Other entrees include Malaysian chicken bo ssam served with lettuce wraps and curry dipping sauce, Thai green curry sausage (also available on a sandwich), char siu pork shoulder, oak-smoked salmon and smoked turkey breast (a Franklin secret weapon) served with apricot gastrique.
“Aaron rubs it with black pepper and we use Korean chilies,” Cole said. “It adds a colorful component to it but it also – Korean chilies have this great, kinda smoky quality. They’re not very spicy but they have like a little hint of spice and a lot of savory character.”
Coconut rice bowls with proteins like crispy Szechuan tofu and grilled Malaysian chicken, along with an assortment of sides such as Texas sweet corn with miso beurre blanc finished with shiso and edamame round out the menu from the kitchen will be helmed by chef de cuisine James Dumapit, an Uchi alumnus and one of the founding chefs of Old Thousand.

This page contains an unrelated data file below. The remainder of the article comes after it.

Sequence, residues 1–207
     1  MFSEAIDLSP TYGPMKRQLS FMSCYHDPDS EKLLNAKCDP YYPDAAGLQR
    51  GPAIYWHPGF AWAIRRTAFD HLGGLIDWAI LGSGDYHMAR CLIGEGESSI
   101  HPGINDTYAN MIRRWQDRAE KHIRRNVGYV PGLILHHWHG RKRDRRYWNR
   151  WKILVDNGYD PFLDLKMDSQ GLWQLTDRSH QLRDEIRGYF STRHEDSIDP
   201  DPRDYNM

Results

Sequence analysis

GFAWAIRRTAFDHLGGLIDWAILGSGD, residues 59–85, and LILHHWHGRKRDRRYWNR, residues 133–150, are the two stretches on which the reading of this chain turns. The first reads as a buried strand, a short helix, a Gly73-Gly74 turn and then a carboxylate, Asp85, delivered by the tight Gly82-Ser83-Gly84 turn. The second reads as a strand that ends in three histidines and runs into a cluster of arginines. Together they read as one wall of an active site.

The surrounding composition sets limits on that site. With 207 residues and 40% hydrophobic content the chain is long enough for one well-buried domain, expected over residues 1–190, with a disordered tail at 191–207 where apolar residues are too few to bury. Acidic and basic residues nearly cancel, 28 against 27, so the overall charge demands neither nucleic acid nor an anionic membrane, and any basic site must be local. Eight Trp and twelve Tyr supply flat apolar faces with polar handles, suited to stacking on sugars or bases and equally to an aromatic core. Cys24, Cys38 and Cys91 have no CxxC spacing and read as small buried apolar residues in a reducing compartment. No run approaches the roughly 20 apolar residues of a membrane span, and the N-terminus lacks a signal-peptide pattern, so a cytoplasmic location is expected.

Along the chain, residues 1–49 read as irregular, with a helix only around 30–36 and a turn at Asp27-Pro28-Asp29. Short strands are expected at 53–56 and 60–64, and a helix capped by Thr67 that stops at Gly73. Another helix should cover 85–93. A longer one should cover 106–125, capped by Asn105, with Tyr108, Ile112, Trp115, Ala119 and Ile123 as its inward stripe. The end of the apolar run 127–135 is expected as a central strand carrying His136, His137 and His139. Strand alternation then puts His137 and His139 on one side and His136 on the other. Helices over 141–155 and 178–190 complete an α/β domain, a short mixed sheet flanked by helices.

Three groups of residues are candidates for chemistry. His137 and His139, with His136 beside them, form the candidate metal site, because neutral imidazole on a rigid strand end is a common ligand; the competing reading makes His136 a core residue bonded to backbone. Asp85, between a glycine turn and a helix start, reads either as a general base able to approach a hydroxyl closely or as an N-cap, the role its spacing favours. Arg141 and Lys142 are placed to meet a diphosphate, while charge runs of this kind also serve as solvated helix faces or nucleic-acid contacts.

The restaurant, full of natural light, patio seating and open space, was designed by Michael Hsu Office of Architecture in collaboration with interior designer Craig Stanghetta of Ste. Marie Design and inspired by the historic dance halls of the Texas Hill Country. That casual feel is complemented by counter-service and table delivery. To-Go service will be available and encouraged, with a separate pick up area at the bar.
The truck donated profits to Comfort Cafe in Smithville, which supports the Serenity Star recovery center. My Name is Joe raised over $50,000 in 2017 and sent 100 percent of that to Serenity Star to fund the completion of their Women’s Center and their Family Center, according to Speer.
“We are happy to continue to work with Serenity Star and Comfort Cafe, not only with fundraising but with job placement as well,” Speer said. “With My Name is Joe, we have been able to employ several people in recovery and move them on to restaurants such as Holy Roller, Juniper, Bonhomie, etc.”
While the truck has shuttered for now, Speer, who got sober in 2014 and has since raised awareness also by running marathons and rappelling down buildings with chefs, says the work helping those in recovery continues.
“For us, this is our focus right now, being as impactful as we can be. Joe is absolutely still alive, we are just refocusing our efforts right now!”